This community played a critical role in demonstrating that these concepts can be translated into tangible well-being improvement, and the work from the pilot here was also instrumental in developing a program and tools that have been implemented across the country including in California’s Beach Cities, 15 Iowa communities, Fort Worth, Texas and Hawaii. (Albert Lea Tribune)

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Featuring hospital and health care headlines from the media and the Web.

Iowa News

UIHC: fine-tuning Ebola protocols since September
Infectious disease experts at the University of Iowa Hospitals and Clinics said Tuesday that they’ve been honing procedures, training and retraining staff, and feel “very well prepared” should an Ebola patient require treatment at the facility. Over the summer, the hospital began actively preparing for the possibility that a deadly Ebola virus crippling West Africa could travel to the United States. But once the first U.S. case was diagnosed in Dallas in September, UIHC has fine-tuned its plans, officials said Tuesday. (KCRG)

Iowa health officials say flu activity low so far this season
Surveillance by the Iowa Department of Public Health (IDPH) Iowa Influenza Surveillance Network shows while flu activity in the state is slowly increasing and remains low, there already are two strains of the virus circulating. “This is the perfect time to get your flu vaccination,” said IDPH Medical Director, Dr. Patricia Quinlisk. “Identification of two circulating strains by the State Hygienic Lab means that without a flu vaccination, an individual could become ill with the flu two different times.” (KWWL)

New emergency departments for Des Moines hospitals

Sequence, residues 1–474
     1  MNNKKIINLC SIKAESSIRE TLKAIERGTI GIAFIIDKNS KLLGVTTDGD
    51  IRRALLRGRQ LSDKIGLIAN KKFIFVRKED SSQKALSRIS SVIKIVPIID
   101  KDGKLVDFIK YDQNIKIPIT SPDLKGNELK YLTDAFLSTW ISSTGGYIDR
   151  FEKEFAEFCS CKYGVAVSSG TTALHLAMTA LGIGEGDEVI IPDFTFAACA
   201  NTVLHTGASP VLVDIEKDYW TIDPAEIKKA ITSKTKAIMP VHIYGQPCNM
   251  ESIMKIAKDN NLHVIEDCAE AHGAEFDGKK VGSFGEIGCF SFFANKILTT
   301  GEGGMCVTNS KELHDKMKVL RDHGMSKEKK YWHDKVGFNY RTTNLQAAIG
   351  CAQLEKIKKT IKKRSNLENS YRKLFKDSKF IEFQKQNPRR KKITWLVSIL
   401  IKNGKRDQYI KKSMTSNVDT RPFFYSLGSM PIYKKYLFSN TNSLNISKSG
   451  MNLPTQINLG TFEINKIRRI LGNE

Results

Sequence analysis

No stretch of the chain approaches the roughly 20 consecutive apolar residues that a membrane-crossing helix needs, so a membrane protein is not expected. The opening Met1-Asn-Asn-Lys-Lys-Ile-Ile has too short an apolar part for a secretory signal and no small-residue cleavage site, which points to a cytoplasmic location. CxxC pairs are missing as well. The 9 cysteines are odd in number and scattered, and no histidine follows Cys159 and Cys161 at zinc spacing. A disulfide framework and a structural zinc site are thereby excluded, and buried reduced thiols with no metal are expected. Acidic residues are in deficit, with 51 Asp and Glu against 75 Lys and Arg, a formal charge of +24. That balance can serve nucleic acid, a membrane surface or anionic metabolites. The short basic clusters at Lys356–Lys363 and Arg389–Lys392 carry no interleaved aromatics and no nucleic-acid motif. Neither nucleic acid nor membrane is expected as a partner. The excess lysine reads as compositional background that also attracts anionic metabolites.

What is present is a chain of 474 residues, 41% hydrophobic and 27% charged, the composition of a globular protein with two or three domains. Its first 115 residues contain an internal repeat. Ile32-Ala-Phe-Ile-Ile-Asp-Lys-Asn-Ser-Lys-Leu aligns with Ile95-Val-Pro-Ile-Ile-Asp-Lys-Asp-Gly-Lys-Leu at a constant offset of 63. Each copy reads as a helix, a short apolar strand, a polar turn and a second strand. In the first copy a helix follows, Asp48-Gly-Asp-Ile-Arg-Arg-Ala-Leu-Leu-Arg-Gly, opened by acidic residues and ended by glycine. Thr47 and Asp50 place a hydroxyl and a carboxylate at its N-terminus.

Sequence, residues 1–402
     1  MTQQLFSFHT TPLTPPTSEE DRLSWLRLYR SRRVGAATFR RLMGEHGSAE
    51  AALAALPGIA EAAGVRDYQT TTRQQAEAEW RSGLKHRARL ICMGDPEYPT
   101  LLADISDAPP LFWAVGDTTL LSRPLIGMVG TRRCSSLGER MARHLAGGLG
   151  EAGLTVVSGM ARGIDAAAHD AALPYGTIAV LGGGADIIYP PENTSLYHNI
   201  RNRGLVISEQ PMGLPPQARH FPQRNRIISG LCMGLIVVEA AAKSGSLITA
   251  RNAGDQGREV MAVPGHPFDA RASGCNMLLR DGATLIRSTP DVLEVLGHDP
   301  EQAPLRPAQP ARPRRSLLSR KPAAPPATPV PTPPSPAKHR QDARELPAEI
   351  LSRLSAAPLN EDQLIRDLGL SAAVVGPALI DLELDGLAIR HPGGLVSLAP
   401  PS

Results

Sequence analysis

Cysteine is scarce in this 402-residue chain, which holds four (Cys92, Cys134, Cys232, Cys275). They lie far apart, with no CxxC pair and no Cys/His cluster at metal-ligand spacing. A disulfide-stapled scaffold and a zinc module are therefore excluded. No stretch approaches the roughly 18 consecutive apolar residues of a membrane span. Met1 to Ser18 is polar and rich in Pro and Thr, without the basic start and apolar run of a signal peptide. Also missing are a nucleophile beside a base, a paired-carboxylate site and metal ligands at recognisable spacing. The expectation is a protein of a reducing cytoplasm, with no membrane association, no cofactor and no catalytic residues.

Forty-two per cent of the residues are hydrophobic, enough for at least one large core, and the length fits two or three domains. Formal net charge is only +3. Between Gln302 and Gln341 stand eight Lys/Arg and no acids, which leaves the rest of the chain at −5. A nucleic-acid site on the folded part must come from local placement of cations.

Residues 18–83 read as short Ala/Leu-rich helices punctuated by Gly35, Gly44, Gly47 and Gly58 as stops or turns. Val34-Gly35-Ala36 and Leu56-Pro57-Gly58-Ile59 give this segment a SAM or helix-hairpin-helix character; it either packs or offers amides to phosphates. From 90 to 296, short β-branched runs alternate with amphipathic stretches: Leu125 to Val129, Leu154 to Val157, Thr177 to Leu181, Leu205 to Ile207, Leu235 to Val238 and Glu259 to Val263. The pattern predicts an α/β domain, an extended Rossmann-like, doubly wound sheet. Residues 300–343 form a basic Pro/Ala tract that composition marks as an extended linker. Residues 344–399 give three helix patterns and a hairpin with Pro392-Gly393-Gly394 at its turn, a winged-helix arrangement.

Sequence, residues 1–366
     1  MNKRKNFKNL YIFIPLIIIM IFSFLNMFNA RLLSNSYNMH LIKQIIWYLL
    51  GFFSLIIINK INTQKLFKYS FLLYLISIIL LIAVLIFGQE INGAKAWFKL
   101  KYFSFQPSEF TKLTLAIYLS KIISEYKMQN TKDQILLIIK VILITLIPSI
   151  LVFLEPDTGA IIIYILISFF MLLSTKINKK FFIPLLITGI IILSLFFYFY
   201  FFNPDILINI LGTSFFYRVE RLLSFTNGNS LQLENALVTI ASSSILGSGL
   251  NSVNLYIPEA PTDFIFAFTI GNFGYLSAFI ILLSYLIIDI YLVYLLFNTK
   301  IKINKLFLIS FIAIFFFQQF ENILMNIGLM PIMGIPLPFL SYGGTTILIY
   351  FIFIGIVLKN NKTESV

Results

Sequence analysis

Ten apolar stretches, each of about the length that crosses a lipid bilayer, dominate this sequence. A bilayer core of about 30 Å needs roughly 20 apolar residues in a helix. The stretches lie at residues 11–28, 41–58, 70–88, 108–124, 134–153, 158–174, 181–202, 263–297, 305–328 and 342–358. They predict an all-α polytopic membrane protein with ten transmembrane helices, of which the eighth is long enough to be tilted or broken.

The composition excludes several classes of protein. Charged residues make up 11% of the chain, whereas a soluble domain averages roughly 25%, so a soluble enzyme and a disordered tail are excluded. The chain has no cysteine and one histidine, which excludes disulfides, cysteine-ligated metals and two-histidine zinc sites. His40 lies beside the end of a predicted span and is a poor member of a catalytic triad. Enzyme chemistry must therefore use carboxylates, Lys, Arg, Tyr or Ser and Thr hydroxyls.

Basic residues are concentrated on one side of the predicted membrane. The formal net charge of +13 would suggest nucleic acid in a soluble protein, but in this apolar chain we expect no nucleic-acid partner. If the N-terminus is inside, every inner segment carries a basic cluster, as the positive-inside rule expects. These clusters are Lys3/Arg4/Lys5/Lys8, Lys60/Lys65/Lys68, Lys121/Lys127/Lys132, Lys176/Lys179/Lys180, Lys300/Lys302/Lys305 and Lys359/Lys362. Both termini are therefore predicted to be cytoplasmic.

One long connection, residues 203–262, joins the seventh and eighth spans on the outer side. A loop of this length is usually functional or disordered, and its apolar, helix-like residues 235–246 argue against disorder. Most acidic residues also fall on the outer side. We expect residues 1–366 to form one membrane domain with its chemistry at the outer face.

UnityPoint Health – Des Moines announced it will begin construction next week on new emergency departments for Iowa Methodist Medical Center and Blank Children’s Hospital. The latest piece of a $54.7 million project that includes renovations to the hospitals’ critical care unit and cardiac care spaces, the new emergency departments will “address the key challenges faced by the current facility,” said Jennifer Perry, regional marketing director of UnityPoint. (Des Moines Business Record)

Iowa boy’s strange illness sparks debate
The plight of one sick boy in Iowa has inspired an outpouring of sympathy and advice from around the globe. My column in the Sunday Register chronicled how 12-year-old Landon Jones of Cedar Falls woke up one day last October having lost all urge to eat and drink. In the past two days, the boy’s story has triggered reaction nationwide as well as from Canada, Brazil, Italy and beyond. (Des Moines Register)

National News

Major medical groups endorse Ebola guidelines
Three of the largest U.S. medical organizations threw their weight behind new federal guidelines that reject mass quarantines for healthcare workers returning from Ebola-ravaged countries. In a joint statement, the American Hospital Association, the American Medical Association and the American Nurses Association said the guidance strikes the right balance between protecting public health and ensuring healthcare workers are not “unduly” burdened. (The Hill)

How the poorest, sickest state got left behind by Obamacare
The state’s low standard of living means many people earn less than the federal poverty limit but too much for Medicaid; under the health law, they can’t buy insurance on the exchange, leaving 138,000 Mississippians who fall into what has come to be known as the Medicaid gap. (Politico)

On Superstorm Sandy anniversary, Red Cross under scrutiny
In the months after the disaster, the Red Cross touted its success in delivering food, clothes and shelter to tens of thousands of people left homeless by the storm. Gail McGovern, the Red Cross president and CEO, told NBC News two weeks after the storm: “I think that we are near flawless so far in this operation.” The truth, however, is different. The venerable charity’s track record in dealing with the megastorm is now being challenged by an unusual cadre of critics — its own employees and records. (National Public Radio)